This data could be helpful if the worker is considering putting additional loads on a transformer, for example, to help ensure the overall load will not exceed the rating of the transformer. (The new units, which are typically double-insulated, should conform to the Category III 600-volt safety ratings from IEC or the 1,000-volt standard.)

Some manufacturers, including Hioki and AVO International, are offering clamp-on meters that, used with optional proprietary hardware and software, have the capability of recording data for analysis and archiving. With this type of unit hooked up to a recorder, you not only get a reading directly on the clamp but can also generate a graphical hard copy, as well.

Hioki 3284/3285 Clamp On AC/DC HiTESTER, with 200 amps and 2,000 amps capability respectively, for example, works with the Hioki Memory HiCORDER, so a user concerned with power quality and basic motor evaluations can see and print the parameters being analyzed as waveforms. The HiCORDER, which can function essentially as a data logger, stores information at intervals and can be left on up 600-plus days for viewing of min/max and average amps.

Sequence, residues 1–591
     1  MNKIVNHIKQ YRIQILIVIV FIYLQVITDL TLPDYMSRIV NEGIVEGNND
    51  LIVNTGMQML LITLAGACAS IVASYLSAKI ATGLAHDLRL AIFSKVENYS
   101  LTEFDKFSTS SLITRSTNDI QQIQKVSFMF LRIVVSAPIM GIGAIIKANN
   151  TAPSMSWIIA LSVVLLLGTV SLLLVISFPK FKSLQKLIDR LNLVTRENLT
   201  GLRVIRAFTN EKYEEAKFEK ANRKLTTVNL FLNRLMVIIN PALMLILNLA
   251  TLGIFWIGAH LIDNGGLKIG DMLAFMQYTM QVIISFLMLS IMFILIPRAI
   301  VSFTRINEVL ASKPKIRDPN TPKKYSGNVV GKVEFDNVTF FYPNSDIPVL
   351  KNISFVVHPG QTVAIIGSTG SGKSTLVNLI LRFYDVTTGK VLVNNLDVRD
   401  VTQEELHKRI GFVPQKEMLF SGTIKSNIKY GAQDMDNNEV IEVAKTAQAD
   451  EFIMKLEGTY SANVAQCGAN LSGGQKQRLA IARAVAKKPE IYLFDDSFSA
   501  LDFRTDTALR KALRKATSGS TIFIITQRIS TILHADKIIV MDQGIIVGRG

“You can set the points when you want it to take a recording or you can let it record continuously until the memory is full,” according to John Luchka, vice president of marketing at Hioki. “You can also measure a peak with a motor run or start or surge and, if a new peak current or voltage occurs, the instrument will capture that automatically.”

AVO International Megger DCM2000P Power Clampmeter can transmit both stored and live measurements to a PC running AVO PowerLog software for further analysis and archiving. Measuring up to 2,000 amps and 600V, the unit displays waveforms, harmonics, chart trends, and up to five parameters at a time on a backlit dot matrix LCD.

The Feldmans provide Web content for companies and write for magazines, trade associations, building product manufacturers, and other companies on a broad range of topics. They can be reached at wfeldman@att.net or (914) 238-6272.